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The whole idea of a show like this is a little cynical in 2017 — another speculative-fiction pastiche, another tribute to something old and better.
We’re familiar with those beats by now, and it’s not so thrilling anymore.
And the episodes center around online dating, hyper-realistic movie experiences, and a web search gone wrong.
The choice to avoid self-seriousness and try to make something fun out of a science-fiction/horror fest is the main thing that sets ’s Robert Buckley) is about a dating website that literally builds romantic partners to user specifications.
The most selective of all, Raya, is invite-only—you basically have to be a celebrity with a sizable Instagram following to be asked. Apps now exist for pairing people based on the right astrological sign (Align), an affinity for sci-fi (Trek Passions), similar eating habits (Veggiemate), and a love of weed (My420Mate).
Having interests in common is not a bad thing—especially if, say, religious identity is important to you—but making sure every potential match has a beard (Bristlr) or is at least 6'4" (Tall People Meet) means interacting only with the segment of humanity we think we’ll like.
The League is just one of a gaggle of services that appeal to the better-heeled crowd; there’s also Sparkology, the Dating Lounge, and Luxy (“Tinder, minus the poor people”—no joke).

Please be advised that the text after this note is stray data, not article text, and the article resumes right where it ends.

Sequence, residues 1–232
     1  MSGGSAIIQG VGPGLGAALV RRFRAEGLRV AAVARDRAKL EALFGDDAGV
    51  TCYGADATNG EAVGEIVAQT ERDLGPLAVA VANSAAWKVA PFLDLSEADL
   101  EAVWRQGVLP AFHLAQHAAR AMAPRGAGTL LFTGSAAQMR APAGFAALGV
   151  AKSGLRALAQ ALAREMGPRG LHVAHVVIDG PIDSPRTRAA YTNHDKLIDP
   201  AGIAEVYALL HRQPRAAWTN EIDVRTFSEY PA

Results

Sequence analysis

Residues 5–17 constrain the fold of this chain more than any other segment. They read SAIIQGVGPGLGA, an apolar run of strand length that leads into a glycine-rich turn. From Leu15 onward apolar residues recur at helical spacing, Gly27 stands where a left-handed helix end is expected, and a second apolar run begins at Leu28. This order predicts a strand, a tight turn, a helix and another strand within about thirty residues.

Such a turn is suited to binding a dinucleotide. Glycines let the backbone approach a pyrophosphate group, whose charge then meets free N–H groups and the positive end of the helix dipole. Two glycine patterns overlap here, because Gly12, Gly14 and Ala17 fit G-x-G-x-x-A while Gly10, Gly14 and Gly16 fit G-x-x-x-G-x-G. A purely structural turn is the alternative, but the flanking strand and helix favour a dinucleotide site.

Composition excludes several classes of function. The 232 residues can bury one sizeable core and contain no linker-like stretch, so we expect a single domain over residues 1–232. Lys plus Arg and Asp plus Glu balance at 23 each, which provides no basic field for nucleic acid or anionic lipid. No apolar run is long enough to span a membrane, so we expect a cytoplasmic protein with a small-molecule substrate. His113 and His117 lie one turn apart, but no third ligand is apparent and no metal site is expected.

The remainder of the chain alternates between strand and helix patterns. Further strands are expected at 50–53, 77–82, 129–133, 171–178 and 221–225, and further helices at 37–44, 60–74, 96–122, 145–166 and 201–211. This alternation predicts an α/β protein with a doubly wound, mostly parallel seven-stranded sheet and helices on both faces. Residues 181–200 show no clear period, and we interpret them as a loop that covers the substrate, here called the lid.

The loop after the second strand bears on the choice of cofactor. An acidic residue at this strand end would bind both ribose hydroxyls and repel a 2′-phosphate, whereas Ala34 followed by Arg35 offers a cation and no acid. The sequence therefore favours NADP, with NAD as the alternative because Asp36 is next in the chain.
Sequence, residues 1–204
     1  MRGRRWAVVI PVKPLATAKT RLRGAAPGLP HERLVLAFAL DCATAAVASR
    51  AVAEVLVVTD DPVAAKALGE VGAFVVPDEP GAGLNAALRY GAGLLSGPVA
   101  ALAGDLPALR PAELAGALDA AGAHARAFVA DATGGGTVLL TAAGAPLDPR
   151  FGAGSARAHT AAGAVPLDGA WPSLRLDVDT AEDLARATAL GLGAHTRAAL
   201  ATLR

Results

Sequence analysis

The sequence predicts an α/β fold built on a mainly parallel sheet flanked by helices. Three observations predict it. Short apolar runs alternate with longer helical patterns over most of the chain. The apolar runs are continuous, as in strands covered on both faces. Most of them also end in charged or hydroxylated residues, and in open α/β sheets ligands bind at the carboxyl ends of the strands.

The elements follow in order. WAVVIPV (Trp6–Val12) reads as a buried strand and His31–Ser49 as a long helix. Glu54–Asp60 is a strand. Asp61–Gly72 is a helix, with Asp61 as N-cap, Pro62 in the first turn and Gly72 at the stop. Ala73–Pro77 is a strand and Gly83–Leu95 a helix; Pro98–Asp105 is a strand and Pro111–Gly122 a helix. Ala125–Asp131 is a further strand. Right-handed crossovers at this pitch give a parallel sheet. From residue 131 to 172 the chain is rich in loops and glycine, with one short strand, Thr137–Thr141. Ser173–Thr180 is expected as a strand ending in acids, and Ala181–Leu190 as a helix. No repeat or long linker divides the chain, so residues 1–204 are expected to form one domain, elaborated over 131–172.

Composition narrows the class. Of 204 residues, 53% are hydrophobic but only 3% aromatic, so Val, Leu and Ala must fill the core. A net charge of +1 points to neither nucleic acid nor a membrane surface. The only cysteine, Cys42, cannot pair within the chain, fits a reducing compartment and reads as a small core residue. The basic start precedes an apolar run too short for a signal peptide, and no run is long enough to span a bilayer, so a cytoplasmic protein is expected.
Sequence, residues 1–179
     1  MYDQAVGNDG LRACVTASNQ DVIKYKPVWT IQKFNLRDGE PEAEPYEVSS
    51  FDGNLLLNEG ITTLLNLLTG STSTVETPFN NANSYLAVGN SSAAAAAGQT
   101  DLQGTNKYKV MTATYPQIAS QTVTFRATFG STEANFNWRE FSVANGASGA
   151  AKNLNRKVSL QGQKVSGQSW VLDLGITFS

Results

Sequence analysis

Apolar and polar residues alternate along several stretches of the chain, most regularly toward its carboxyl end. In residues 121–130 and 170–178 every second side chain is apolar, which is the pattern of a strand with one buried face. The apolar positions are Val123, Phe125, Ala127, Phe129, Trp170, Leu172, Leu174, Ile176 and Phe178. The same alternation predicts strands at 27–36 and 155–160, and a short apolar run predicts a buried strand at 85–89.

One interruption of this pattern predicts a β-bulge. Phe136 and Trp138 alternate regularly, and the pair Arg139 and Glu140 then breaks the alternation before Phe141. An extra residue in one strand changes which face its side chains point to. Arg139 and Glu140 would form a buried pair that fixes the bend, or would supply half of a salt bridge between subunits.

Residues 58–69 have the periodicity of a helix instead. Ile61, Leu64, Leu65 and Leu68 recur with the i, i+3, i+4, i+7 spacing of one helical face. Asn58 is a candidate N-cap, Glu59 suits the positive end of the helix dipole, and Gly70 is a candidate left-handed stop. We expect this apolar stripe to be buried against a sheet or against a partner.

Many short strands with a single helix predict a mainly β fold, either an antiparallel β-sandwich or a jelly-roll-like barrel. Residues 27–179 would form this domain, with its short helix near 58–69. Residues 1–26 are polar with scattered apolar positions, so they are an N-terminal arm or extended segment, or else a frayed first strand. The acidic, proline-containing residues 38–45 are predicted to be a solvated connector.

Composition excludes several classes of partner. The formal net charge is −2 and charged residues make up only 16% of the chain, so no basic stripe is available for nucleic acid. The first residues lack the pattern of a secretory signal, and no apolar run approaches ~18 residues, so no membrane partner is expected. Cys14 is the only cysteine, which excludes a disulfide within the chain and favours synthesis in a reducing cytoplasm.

“Chronos,” the least interesting episode so far, follows a physics student (Ashley Rickards) who can’t buckle down on an important homework assignment because a mysterious force has somehow erased her favorite 1990s cartoon about time travel.
Hamill’s narration sneers over her initial panic, sarcastically suggesting that the audience can’t relate because “you work hard. You’d spend your whole night watching a science-fiction TV show.” That episode is as weird as the rest, but it feels more like an easy joke about hipsters and binge-watchers than an analysis of any modern techno-paranoias.
It’s a little heavy-handed with its point: “Online dating?
No, I don’t want some algorithm telling me who to date.” But there’s also a pretty good Soylent joke, and the story eventually spirals away from the expected, easy social critique into something totally bizarre.But here’s the thing: When Ok Cupid scrubbed the data, it found that political affiliation didn’t tip the scales on compatibility.